The Importance of Writing a Book Review

Reading is an essential foundation of education. It is a skill taught to all from an early age and serves as a powerful tool for children to digest the world around them. The benefits of reading are widely understood and students are constantly being encouraged to read. And with the rise of eBooks and audiobooks, access to literary greats are only a few clicks away.

Taking this to the next level is progressing students to writing reviews of books. At the conclusion of our Book Club programs, we encourage students to conduct book reviews, which serves as an exercise to consolidate their knowledge and ideas on topics surrounding the books.

Writing book reviews isn’t just about the better retention of information, nor does it serve as evidence for the fact that a student has read the book, despite it being difficult to write a book review without having read the book first.

So, what are the benefits of completing a book review? Here are some which only begin to scratch the surface:

  1. Critical thinking skills development: By asking students to articulate their thoughts and reflection on paper, it gives them an opportunity to examine the literature and digest it in a more complex way than simply following the story and understanding its plot. By compiling questions such as: “What is the protagonist’s objective” or “what emotions did you feel across the book”; students can reflect more deeply into the narrative.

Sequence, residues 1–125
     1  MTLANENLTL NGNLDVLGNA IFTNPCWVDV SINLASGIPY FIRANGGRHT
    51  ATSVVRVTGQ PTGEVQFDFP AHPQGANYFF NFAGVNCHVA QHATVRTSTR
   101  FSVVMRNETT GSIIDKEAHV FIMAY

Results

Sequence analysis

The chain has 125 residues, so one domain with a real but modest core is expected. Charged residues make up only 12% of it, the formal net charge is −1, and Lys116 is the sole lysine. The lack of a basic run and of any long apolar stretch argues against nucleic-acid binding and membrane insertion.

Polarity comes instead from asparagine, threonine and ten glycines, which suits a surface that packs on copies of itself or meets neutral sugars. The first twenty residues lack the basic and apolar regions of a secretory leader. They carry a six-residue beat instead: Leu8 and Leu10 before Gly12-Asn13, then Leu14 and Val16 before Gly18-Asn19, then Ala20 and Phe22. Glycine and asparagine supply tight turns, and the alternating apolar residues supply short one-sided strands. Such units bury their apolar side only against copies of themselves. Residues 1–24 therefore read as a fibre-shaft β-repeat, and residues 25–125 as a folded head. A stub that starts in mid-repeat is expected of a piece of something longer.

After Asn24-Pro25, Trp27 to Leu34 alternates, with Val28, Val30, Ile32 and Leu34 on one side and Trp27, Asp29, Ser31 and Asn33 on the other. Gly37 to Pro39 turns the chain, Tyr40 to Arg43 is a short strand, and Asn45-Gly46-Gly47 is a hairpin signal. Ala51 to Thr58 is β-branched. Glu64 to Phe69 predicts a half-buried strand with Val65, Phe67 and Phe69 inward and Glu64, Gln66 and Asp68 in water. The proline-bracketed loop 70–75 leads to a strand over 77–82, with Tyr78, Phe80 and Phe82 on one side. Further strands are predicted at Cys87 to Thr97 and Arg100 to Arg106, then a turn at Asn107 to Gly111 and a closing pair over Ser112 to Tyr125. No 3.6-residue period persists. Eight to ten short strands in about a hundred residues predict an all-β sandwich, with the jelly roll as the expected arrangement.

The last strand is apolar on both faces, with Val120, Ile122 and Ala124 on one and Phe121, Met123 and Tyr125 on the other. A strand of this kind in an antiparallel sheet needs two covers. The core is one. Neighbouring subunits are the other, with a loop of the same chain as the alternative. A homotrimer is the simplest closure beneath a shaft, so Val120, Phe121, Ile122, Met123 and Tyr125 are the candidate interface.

2. Note-taking competence: Learning to pick out useful pieces of information from longer texts is a skill that can be used throughout students’ life - particularly as they advance into higher education. With the end goal of writing book reviews, students are encouraged to note down the quotes and phrases which are thematic to the book.

  3. Discovery of personal preferences: Reviews don’t need to be positive – what matters most is that they’re accurate and constructive. When writing their review, students should consider not only if they liked/disliked the book, but why. This will help students understand the kinds of literature they’re most drawn towards, which further improves their relationship with reading. Similarly, students may discover themselves feeling differently towards genres that weren’t initially their book of choice.

  4. The value of expressing oneself: When students start to articulate their thoughts and analysis on a piece of literature, they can express themselves to the others. By doing so, they develop a greater sense of confidence and sound conviction which help across a variety of different communication mediums.

This holiday, we sum up our Book Club programs by reviewing the books we have studied with our students. Students are encouraged to submit in their book reviews for a chance for their work to be published on our website. We look forward to reading their interpretations and insights.

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